Eye-tracking systems certainly would add a lot to augmented reality glasses, as they could adjust visual content based on what users are looking at, or be used for hands-free control of games. Their integration into such eyewear has been limited, though, because they require so much power. That said, scientists have now developed eye-tracking glasses powered by nothing but onboard solar cells.
Ordinarily, mobile eye-tracking systems utilize miniature cameras that are pointed at the eyes, plus they require a lot of image-processing power – this means that they can be costly, plus they require a fairly large battery, or a smaller one that has to be charged quite often. The inexpensive new prototype system, however, reportedly gets around that limitation.
Created by a Dartmouth College team led by associate professor Xia Zhou, it consists of off-the-shelf eyeglass frames equipped with commercially-available hardware including a microprocessor, near-infrared LEDs, photodiodes, and thin solar cells located on the frames' arms.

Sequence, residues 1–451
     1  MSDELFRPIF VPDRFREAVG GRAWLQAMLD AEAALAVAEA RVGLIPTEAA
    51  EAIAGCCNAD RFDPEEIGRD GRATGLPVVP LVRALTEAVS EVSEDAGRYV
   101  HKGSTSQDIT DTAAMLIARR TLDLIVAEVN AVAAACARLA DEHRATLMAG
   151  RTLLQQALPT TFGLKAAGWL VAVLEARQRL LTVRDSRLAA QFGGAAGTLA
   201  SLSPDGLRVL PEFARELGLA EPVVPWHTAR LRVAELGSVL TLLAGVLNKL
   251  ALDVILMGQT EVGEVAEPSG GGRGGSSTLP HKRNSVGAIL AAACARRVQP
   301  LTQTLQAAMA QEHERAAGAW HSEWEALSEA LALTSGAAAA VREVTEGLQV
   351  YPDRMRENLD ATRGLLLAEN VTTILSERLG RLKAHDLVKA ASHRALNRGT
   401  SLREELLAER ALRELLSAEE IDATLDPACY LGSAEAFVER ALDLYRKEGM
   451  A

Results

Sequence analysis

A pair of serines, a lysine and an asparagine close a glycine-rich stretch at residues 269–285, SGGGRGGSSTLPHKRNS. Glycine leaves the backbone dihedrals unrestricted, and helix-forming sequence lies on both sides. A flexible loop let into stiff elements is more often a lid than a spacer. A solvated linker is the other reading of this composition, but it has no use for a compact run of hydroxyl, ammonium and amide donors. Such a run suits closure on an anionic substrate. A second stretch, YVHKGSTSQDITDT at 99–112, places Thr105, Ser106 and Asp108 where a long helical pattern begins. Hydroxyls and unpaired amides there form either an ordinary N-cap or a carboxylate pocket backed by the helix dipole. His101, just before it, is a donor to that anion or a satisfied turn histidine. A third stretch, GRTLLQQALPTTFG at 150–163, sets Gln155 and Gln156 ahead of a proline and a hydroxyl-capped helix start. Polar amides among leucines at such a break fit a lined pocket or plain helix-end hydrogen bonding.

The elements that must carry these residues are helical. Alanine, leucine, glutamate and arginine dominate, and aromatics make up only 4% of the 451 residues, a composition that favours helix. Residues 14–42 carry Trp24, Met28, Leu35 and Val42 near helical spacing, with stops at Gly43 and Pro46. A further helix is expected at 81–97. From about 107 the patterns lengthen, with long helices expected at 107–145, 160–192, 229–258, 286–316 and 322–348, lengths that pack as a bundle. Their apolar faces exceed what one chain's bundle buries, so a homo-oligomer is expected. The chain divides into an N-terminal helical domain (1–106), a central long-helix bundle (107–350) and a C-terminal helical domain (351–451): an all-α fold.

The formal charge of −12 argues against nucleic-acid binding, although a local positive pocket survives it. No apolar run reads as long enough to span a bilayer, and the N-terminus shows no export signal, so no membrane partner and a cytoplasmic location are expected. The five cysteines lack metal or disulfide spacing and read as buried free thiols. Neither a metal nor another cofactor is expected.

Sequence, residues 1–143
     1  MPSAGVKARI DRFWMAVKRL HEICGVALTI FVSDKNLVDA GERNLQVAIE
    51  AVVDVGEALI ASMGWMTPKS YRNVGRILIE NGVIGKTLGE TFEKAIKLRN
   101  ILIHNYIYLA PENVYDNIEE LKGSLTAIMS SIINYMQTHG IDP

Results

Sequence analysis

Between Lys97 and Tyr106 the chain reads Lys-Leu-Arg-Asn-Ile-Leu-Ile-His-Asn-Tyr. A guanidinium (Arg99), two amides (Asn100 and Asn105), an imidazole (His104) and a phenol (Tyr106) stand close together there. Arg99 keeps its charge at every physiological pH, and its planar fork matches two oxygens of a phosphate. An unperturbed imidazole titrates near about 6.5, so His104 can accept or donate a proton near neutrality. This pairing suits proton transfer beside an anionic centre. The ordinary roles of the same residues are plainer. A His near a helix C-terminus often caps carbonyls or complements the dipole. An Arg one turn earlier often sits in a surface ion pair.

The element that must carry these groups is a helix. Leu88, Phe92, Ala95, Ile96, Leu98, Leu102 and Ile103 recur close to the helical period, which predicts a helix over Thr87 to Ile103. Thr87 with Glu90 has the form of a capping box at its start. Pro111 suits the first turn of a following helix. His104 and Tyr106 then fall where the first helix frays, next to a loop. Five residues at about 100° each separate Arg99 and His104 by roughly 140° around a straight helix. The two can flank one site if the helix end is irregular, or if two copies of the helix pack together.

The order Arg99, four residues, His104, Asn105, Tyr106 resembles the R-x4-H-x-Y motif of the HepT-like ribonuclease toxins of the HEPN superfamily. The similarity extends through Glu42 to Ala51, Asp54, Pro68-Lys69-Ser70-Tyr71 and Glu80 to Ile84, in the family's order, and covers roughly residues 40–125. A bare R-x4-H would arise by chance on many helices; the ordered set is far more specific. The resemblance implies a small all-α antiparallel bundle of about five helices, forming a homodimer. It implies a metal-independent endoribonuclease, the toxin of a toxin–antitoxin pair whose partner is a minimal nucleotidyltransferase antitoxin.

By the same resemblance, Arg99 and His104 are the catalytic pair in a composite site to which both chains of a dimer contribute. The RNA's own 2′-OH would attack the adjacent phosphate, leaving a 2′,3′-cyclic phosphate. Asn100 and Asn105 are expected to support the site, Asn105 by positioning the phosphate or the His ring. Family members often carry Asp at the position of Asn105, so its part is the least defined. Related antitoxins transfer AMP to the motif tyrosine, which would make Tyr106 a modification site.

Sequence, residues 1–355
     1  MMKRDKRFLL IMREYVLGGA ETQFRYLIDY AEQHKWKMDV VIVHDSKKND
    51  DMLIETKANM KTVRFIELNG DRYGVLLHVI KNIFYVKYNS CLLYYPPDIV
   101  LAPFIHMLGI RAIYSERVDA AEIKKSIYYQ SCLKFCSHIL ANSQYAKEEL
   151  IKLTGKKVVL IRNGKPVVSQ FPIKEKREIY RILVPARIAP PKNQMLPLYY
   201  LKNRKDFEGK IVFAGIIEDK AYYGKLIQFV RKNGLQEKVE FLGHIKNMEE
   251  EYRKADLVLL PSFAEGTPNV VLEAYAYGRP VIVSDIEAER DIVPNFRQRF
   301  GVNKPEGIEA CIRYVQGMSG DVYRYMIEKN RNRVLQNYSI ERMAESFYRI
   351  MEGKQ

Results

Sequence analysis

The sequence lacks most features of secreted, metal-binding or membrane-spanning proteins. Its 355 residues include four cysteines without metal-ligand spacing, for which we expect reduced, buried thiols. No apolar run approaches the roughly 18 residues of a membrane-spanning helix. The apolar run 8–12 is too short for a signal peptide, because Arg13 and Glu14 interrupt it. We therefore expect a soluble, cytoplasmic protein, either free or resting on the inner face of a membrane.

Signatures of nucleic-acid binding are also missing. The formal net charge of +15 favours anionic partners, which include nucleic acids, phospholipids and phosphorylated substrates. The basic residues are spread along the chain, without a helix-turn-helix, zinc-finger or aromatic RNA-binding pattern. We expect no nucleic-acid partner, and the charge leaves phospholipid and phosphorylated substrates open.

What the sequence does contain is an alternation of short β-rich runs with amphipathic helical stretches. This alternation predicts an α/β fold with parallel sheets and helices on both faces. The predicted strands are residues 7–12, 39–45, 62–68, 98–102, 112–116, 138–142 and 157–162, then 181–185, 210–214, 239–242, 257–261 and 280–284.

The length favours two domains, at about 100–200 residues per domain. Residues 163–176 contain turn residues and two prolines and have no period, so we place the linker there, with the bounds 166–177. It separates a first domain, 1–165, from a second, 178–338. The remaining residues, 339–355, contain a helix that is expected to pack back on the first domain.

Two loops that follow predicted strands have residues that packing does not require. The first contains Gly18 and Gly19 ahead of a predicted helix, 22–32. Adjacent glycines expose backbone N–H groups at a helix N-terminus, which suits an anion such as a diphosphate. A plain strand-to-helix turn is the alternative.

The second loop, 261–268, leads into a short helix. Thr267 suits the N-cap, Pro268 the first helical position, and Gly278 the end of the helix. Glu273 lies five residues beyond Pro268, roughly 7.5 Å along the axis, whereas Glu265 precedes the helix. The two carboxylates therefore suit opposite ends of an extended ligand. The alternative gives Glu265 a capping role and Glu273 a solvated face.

Powered by those cells, the LEDs illuminate the user's left eye from multiple directions. The photodiodes detect the reflected light patterns, with the processor then analyzing those patterns in order to ascertain the position of the pupil in real time. More specifically, it utilizes custom algorithms to track the pupil's trajectory, velocity, and acceleration at a sub-millimeter level.
The glasses apparently get all the power they need from regular indoor lighting. In fact, they so far only work indoors – this is because the infrared spectrum of sunlight saturates the photodiodes, keeping them from detecting the reflected near-infrared of the LEDs. It is hoped that future versions of the technology will address that problem, along with featuring further-miniaturized electronics that can be integrated into various styles of glasses.
"This is an exciting advancement for gamers, developers and other users of smart glasses," says Zhou. "It's the first-ever eye tracker that can fit into your everyday glasses and run without batteries."
Source: Dartmouth College
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